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Onboard the “First” Flight: Flying on United’s New Boeing 787-10 Dreamliner

United’s first Boeing 787-10 Dreamliner at the gate in Newark. (Photo: AirlineGeeks | Tom Pallini)

It was an early morning in Los Angeles as Terminal 7’s Gate 77 was a buzz on Monday at 7:00 a.m. with excited passengers, all lined up to board a special United Airlines aircraft. United operates flights nearly every hour between Los Angeles and Newark, but the 8:15 a.m. departure was special as it would be the “first” flight of United’s newest aircraft, the Boeing 787-10 Dreamliner.

Gate 77 was the site of the first scheduled revenue flight for United’s Boeing 787-10 Dreamliner from Los Angeles to Newark. (Photo: AirlineGeeks | Tom Pallini)

Delivered to the airline in November, the Dash 10 is the newest aircraft to join United’s fleet, just four years after the arrival of United’s first 787-8 Dreamliner in 2015. Its entry into service on Monday makes United Airlines the world’s first airline to operate all three variants of the Boeing 787 Dreamliner on regularly scheduled service.

Inaugural festivities occurred both in Los Angeles and Newark to mark the historic event for United. (Photo: AirlineGeeks | Tom Pallini)

Although it wasn’t the first revenue flight of the aircraft, as it was delivered to United in November and operating a handful of revenue flights over the past three weeks, this was the first time the aircraft would join a route to stay there. As part of a trend of many new United aircraft, the aircraft will be flying the transcontinental route from Newark to United’s Los Angeles hub and eventually its San Francisco hub for the next two months as it looks to familiarize the airline’s flight crews with the aircraft.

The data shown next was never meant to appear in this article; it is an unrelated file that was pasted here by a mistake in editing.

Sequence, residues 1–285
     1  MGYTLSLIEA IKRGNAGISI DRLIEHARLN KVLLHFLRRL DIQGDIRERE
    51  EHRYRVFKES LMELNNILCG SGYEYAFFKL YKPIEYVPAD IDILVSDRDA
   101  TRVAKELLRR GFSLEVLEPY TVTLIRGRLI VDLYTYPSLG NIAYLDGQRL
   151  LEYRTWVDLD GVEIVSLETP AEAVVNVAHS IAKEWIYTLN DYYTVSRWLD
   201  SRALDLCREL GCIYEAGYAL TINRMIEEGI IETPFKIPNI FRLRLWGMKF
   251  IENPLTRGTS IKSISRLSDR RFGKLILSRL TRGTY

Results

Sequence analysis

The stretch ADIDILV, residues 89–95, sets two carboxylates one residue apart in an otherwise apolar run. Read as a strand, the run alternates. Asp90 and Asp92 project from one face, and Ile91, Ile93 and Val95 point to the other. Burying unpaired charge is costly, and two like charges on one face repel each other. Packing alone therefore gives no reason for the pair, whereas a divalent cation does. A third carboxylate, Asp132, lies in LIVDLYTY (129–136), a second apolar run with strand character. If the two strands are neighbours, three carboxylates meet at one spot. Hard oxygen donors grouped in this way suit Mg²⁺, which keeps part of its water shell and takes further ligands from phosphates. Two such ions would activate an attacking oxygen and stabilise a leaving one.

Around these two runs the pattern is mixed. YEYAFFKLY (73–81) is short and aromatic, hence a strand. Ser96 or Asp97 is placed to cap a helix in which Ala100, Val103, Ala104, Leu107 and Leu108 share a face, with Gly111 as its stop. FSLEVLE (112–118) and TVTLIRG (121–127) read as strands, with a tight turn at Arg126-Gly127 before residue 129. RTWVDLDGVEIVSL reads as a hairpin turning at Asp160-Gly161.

To commemorate the occasion, United held a brief ceremony at the gate before departure, as well as distributing drink certificates to all passengers onboard.

A Unique Aircraft

With the new aircraft, United had the opportunity to roll all of its latest advancements and newest products into a single package. The aircraft comes standard with the new Polaris business class and Premium Plus premium economy class, the first aircraft type to come standard with those products.

Polaris business class takes up the first 11 rows of the aircraft situated perfectly in between the first and middle galley. The dash 10 is the first United variant to feature Zodiac Optima seats in a 1-2-1 configuration as opposed to the 2-2-2 paired B/E Aerospace Diamond seats found on older Boeing 787-8 and -9 aircraft, although new deliveries of those types will now see the Zodiac Optima seats installed.

United’s 11 row Polaris business class cabin with new Zodiac Optima seats in a 1-2-1 configuration. (Photo: AirlineGeeks | Tom Pallini)

The center aisle seats are a mix of paired “honeymoon” seats and aisle seats angled outwards. (Photo: AirlineGeeks | Tom Pallini)

The fully lie-flat seats appeared very elegant, featuring marble counters, small lamps, and came with the standard amenities such as a large high definition in-flight entertainment screen, a personal reading light, a tethered remote to control the entertainment system and bounds of storage space. On each seat was United’s signature Sax Fifth Avenue blanket and pillow, as well as a small amenity kit.

Paired honeymoon seats in Polaris business class. (Photo: AirlineGeeks | Tom Pallini)